So, let your kids work out how to do things by themselves, shut your mouth and sit on your hands if you are tempted to correct your kids' actions. It is hard, but you will be teaching your kids so much more by doing nothing than by interfering in their initial, probably clumsy, attempts to do things themselves.

Managers

As a manager, you can also train your team members by doing almost nothing. When you give people tasks, focus on the results you expect and grant them the freedom to experiment with ways to achieve those results. If your direct reports ask you to give them step-by-step instructions, ask them what they think they should do. And here is when it can be difficult. Your direct report might fancy an approach that is very different to your tried and tested approach. When this happens, you need to keep that tried and test approach to yourself and, unless the employee is likely to make a mistake that could have serious consequences, you need to let her try it out her way. Sure, she may fail. But more likely, she will make minor mistakes that she can learn from.

Indeed, sometimes an employee will suggest an approach that you are confident will not work. Unless the consequences of her approach are serious, let her do it her way, make mistakes and learn.

Ultimately, your direct reports will discover ways to accomplish tasks that may be different than yours, but are likely to be just as effective as − and possibly more effective than − yours. Moreover, by having made mistakes and corrected themselves, they will be flexible. When things do not go as planned in the future, they will be better prepared to cope and find alternative ways of accomplishing their tasks; whereas, if they had only learned a step-by-step approach taught by you, they would be less likely to have that flexibility and ability to solve problems without you.

The Importance of Keeping Your Mouth Shut

Not only is this a highly effective training method, it requires minimal effort on your part. Indeed, the biggest challenge to this approach is often keeping your mouth shut! As an experienced manager, it is tempting to correct people when you believe their method is not as good as yours. And, if they are new at it, their method probably is not as good as yours. But, keeping your mouth shut reduces your workload and enables your direct reports to learn by doing, making mistakes and correcting those mistakes.

Speaking of solving problems, you can and should use this approach when one of your direct reports asks you to solve a problem. Instead of telling her what to do, ask her what she thinks should be done. There is a good chance she already has an idea, but is not sure of it. Listen to her idea and, unless she is likely to make serious mistakes, allow her to try it out, even if you believe it is not the best solution to her problem.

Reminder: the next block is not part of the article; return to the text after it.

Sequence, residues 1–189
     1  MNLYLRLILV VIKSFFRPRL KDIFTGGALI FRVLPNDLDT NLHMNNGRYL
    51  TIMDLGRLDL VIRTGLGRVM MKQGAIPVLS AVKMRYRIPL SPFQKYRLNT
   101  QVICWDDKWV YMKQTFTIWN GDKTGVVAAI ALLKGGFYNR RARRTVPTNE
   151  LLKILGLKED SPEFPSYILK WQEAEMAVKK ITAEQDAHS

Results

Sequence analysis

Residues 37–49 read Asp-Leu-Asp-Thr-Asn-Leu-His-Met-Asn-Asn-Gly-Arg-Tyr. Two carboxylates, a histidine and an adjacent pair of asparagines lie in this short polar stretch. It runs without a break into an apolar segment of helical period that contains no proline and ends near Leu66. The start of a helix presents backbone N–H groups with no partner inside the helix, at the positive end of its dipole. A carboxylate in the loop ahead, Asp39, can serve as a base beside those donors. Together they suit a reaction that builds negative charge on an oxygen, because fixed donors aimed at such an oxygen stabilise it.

If she does not know how to solve the problem or her suggestion will make matters worse, ask her questions about the problem in order to help her better understand it. Very likely this will lead her to devising a viable solution. Then then tell her to give it a try, even if you believe you know a better solution.

Your Great Solution May Not Be the Best

If you allow your team to learn by doing, you will inevitably be surprised from time to time when their solutions work even better than your solutions. Do not allow this to hurt your ego and do not try and berate your team member's better solution. That will only make you seem small and ensure your company fails to improve. Instead, compliment the team member and tell others about her clever solution. This will make you seem big, make her feel great, enable the company to grow and it will motivate others on your team. That's a big pay-off for a little magnanimity on your part.

Creativity

Allowing people to work out how to do things themselves, inevitably results in their making mistakes along the way. Often, those mistakes can be fixed with a bit of creative thinking and that is an added advantage to my lazy teaching method: it requires that people use their creativity which, in turn exercises and improves their creativity. If people simply follow instructions and are not empowered to experiment, they are much less capable of being creative when things go wrong.

Let Them Do It

So, one of the best ways to teach children and adults how to perform tasks creatively is simply to let them work out how to do those tasks themselves, even if they are inexperienced. If they fail, discuss what went wrong as well as what went right. In time, you will create experts with minimal effort on your part. Indeed, the biggest challenge you face with this technique is keeping quiet and letting people, whom you care about, make mistakes. But letting them make mistakes is doing them a bigger favour than not allowing them to make mistakes. Best of all, this approach to training gives you more time to focus on your own projects.

R103/20161123

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Jeffrey Baumgartner
Bwiti bvba

Erps-Kwerps (near Leuven & Brussels) Belgium